Experimental Brain Research

, Volume 234, Issue 11, pp 3185–3192 | Cite as

The relationship between lower limb proprioceptive sense and locomotor skill acquisition

  • Taha QaiserEmail author
  • Amanda E. Chisholm
  • Tania Lam
Research Article


Sensorimotor integration is essential for controlling movement and acquiring new motor tasks in humans. The aim of this project was to understand how lower limb proprioceptive sense contributes to the acquisition of a skilled walking task. We assessed lower limb joint position and movement detection sense in healthy human subjects using the Lokomat robotic exoskeleton. Subjects walked on a treadmill to practice a skilled motor task (200 trials) requiring them to match their foot height during the swing phase to the height of a virtual obstacle displayed on a monitor in front of them. Subjects were given visual feedback on their error relative to the obstacle height after it was crossed. Lower limb joint position sense was related to the final performance error, but not the learning rate of the skilled walking task. The findings from this study support the role of lower limb proprioceptive sense on locomotor skill performance in healthy adult subjects.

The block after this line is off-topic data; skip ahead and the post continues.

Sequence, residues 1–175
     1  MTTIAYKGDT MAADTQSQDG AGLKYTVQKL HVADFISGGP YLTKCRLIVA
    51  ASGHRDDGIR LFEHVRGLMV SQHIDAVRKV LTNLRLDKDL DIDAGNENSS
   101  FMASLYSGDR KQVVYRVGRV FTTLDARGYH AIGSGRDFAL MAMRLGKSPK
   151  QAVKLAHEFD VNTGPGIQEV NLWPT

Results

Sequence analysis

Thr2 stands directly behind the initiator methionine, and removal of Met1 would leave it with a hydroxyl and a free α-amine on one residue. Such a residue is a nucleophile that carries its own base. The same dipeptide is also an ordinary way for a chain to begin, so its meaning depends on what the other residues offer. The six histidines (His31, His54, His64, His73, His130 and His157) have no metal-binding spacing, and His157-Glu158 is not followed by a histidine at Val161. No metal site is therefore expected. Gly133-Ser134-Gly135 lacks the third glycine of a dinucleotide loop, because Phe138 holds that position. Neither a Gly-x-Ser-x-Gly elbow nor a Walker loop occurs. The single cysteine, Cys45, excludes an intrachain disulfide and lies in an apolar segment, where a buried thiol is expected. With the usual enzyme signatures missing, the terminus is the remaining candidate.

Proprioception Sensorimotor function Motor control Obstacle crossing 



The authors thank Franco Chan for his valuable technical assistance during this study. Funding for this study was provided by the Natural Sciences and Engineering Research Council of Canada (NSERC Discovery Grant 355928) and an NSERC Undergraduate Student Research Award to TQ.

Compliance with ethical standards

Conflict of interest

The authors declare that they have no conflict of interest.

Ethical approval

All procedures performed in studies involving human participants were in accordance with the ethical standards of the institutional and/or national research committee and with the 1964 Helsinki declaration and its later amendments or comparable ethical standards.


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Copyright information

© Springer-Verlag Berlin Heidelberg 2016

Authors and Affiliations

  1. 1.School of KinesiologyUniversity of British ColumbiaVancouverCanada
  2. 2.International Collaboration on Repair DiscoveriesVancouver Coastal Health Research InstituteVancouverCanada
  3. 3.VancouverCanada

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